Reports of Canadian legend's demise greatly exaggerated
Gordon Lightfoot is not dead.
Contrary to what the Can-West newspaper chain has been reporting today, Canadian icon Gordon Lightfoot is not dead. When we first read the reports we figured we should make sure, so we called his manager, who told us immediately that it’s a hoax. Lightfoot is in fact alive and well, and has been in contact with people this afternoon. You might think that a national news chain might do a bit of fact checking themselves, but then again, newsroom budgets have been slashed pretty much everywhere, and there’s only so much you can cutback before facts start to suffer.
The one question that remains, is who is pretending to be Ronnie Hawkins and prank-calling newspapers?[rssbreak]
Here’s what Canwest was reporting. They’re currently erasing evidence of their goof.
Iconic Canadian folksinger Gordon Lightfoot has died.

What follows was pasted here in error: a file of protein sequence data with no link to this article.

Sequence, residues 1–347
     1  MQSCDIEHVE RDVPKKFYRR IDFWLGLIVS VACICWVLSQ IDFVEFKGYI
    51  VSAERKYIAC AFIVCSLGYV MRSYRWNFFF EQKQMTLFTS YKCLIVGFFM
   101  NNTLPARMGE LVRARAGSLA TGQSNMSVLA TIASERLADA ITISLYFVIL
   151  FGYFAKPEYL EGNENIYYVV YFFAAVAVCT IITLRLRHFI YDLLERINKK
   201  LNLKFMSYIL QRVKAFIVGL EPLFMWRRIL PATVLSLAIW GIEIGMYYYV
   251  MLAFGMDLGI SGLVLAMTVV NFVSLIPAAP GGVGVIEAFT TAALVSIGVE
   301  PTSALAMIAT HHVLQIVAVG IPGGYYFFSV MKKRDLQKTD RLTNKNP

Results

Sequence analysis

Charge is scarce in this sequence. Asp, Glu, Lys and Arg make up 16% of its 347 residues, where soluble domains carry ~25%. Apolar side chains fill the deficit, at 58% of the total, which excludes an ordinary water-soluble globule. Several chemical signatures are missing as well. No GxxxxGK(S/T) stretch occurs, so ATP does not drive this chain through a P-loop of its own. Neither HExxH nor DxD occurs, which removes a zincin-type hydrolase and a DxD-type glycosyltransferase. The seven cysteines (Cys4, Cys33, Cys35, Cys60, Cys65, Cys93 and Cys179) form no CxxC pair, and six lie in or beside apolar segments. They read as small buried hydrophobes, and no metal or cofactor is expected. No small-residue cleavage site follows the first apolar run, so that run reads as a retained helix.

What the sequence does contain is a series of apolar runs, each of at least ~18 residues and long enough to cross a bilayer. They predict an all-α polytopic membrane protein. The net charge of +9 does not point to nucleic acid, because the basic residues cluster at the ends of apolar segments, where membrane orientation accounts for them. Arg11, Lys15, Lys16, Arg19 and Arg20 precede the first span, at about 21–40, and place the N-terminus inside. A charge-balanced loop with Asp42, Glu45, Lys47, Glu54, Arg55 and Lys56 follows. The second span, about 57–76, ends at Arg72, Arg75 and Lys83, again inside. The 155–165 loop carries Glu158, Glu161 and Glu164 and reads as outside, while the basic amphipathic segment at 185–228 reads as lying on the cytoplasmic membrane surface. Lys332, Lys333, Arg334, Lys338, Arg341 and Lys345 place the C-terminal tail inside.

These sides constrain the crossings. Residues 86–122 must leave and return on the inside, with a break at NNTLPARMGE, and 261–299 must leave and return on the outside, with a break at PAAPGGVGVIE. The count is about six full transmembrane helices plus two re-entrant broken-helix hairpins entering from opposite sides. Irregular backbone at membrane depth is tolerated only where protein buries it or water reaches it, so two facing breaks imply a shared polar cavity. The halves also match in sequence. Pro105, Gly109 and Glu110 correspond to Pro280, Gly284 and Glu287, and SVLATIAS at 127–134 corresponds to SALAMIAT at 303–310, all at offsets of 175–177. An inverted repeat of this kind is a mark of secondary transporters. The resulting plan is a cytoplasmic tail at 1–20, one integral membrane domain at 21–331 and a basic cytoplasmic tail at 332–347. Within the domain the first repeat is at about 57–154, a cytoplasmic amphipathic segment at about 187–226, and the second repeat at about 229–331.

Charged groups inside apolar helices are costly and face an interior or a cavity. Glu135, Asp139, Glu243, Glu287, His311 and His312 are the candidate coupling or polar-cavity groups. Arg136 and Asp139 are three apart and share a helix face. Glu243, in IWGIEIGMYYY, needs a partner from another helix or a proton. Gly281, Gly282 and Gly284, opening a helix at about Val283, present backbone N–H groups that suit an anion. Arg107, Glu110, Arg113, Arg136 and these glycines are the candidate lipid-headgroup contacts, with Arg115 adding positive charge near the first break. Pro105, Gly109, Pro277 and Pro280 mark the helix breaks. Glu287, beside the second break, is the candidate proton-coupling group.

Lightfoot died Wednesday night, according to his friend and fellow musician Ronnie Hawkins.
“He died last night, I’ve had a couple of phone calls already,” Hawkins said Thursday from his home in Peterborough, Ont.
Born in 1938 in Orillia Ontario, Lightfoot began his singing career at the tender age of five by performing I’m a Little Tea Cup at his local church.
He would later take up piano and the drums, and sing in a variety of bands, including a barbershop quartet – all of which would lead to a career as one of the world’s most beloved folk-rock singers and a Canadian icon.
In a career that spanned over six decades, Lightfoot became famous for his deep, distinct voice and poetic lyrics. He emerged as one of the premier singer-songwriters of his generation and was heavily influenced by the likes of Bob Dylan and Leonard Cohen.
Some of Lightfoot’s most famous songs include If You Could Read My Mind, Sundown and The Wreck of the Edmund Fitzgerald.
He was 71.
With files from Victoria Times Colonist
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